Over the past few years, special teams have been the Flyers’ weakness, and that’s no secret. As of late, we’re learning that isn’t necessarily the case anymore, at least with one special teams unit.
The Flyers are coming off of a season where their special teams finished in the bottom third of the league. It’s not like they started out strong and tanked from then on out either. The special teams were horrendous throughout the entire season. The end result just magnified how bad they really were.
This season tells a different story. While under a new regime, the Flyers special teams have improved leaps and bounds from last year. However, sustained success on one of the special teams units doesn’t seem to be the case, as now each unit is heading in a different direction.
At the beginning of the season, fans were given glimpses of hope regarding the powerplay. Holding a 30% conversion rate through the first five games of the season, the man advantage was looking good. 10 games later, and the effectiveness rate dropped almost 10%. 10 games after that mark, and the powerplay is sub-20%. Nine games after that, and here we are, sitting at 19th in the league with a 17.86% conversion rate.
Sure, this is an improvement from where they were this time last year. After 34 games last season, the Flyers were converting on 12.6% of their man-advantages, good for a tie at 29th in the league. At the end of the season, the unit improved. They jumped up six spots to 23rd and were converting on 17% of their chances on the powerplay.
If last year’s trend continues, the Flyers powerplay is due for a shot in the arm. If they improve by roughly five percent, much like last year, that could put them at almost 23% on the year, which would be good for sixth in the league at this point.
The fact remains that the Flyers have converted three of their last 26 man-advantages in the past ten games. That’s good for 11.54%. That won’t cut it. The powerplay is trending in the wrong direction, and Michel Therrien needs to figure out how to get the unit back on track.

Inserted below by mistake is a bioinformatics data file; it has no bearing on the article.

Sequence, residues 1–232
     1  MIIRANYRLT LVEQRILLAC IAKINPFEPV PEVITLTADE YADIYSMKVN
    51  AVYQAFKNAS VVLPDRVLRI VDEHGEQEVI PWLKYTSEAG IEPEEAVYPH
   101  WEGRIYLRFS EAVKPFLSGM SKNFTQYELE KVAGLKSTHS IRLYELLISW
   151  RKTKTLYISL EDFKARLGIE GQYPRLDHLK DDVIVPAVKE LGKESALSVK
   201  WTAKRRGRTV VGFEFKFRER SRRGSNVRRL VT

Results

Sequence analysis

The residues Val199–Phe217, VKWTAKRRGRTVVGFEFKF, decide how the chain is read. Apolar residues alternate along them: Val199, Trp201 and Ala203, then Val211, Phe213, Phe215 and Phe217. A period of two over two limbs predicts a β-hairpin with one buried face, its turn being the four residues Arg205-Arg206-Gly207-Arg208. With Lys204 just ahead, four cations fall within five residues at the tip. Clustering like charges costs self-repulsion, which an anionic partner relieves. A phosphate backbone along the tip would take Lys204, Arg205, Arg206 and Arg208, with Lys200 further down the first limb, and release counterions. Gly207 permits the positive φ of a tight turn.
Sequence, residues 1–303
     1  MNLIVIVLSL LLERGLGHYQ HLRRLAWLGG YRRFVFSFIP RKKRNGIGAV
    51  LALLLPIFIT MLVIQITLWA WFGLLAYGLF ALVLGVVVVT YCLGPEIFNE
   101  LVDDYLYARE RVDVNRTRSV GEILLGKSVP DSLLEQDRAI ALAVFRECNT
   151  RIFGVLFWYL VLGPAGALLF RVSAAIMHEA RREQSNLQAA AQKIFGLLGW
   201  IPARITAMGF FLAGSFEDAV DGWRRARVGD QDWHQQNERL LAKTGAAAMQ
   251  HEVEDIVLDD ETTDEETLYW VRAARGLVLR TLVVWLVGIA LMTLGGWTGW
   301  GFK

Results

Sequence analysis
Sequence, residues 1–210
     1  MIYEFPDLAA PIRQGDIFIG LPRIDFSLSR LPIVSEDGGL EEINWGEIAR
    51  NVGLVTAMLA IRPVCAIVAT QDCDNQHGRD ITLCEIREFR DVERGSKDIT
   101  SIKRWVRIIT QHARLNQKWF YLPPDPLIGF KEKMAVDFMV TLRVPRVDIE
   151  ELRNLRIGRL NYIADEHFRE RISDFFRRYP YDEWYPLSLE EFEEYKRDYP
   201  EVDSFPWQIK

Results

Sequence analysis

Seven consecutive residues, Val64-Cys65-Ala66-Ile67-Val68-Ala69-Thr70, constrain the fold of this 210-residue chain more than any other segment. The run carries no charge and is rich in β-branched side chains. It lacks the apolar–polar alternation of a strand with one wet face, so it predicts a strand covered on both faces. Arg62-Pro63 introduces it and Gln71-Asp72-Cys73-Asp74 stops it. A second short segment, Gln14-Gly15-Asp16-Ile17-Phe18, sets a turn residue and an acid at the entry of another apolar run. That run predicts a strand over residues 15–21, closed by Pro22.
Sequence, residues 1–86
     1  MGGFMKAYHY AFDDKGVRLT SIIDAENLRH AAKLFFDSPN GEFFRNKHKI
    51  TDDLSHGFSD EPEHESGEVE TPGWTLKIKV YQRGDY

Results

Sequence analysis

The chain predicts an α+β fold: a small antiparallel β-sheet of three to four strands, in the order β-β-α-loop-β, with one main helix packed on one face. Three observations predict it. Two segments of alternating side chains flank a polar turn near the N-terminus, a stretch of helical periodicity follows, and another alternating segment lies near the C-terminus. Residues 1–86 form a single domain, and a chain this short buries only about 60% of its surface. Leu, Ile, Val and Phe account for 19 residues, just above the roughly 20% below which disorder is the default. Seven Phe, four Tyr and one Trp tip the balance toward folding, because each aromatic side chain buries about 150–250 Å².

The penalty kill, on the other hand, is much improved and performing very well at the moment. Discount the game against Winnipeg where they gave up three powerplay goals in five opportunities for the Jets, and the Flyers are killing off just about everything they’re presented with.
The start of the season saw them kill off 10 of 11 penalties in their first four games. The next game, they failed to kill off two penalties and their total dropped to 76.92% on the year. Four games later, and the Flyers were killing off over 80% of the penalties they committed.
Currently, the Flyers are sitting at eighth in the NHL in killing penalties. They are killing them off at an 83.33% rate, and haven’t dipped down past 83% since early November. It’s a far-cry from where they were last year at this time. After 34 games last season, the Flyers were sitting at 28th in the league, killing off 78.63% of the man advantages they faced. They ended the year at 26th, killing off 78.4% of their total penalties.
The penalty kill is vastly improved, and that has a lot to do with the personnel and Mike Yeo’s deployment of them. People are being put into the right positions to succeed in Yeo’s PK system, much unlike last year under Dave Hakstol.
If Michel Therien can get things figured out like Yeo, the Flyers special team can be just that, special.
Mandatory Credit – © David Berding-USA TODAY Sports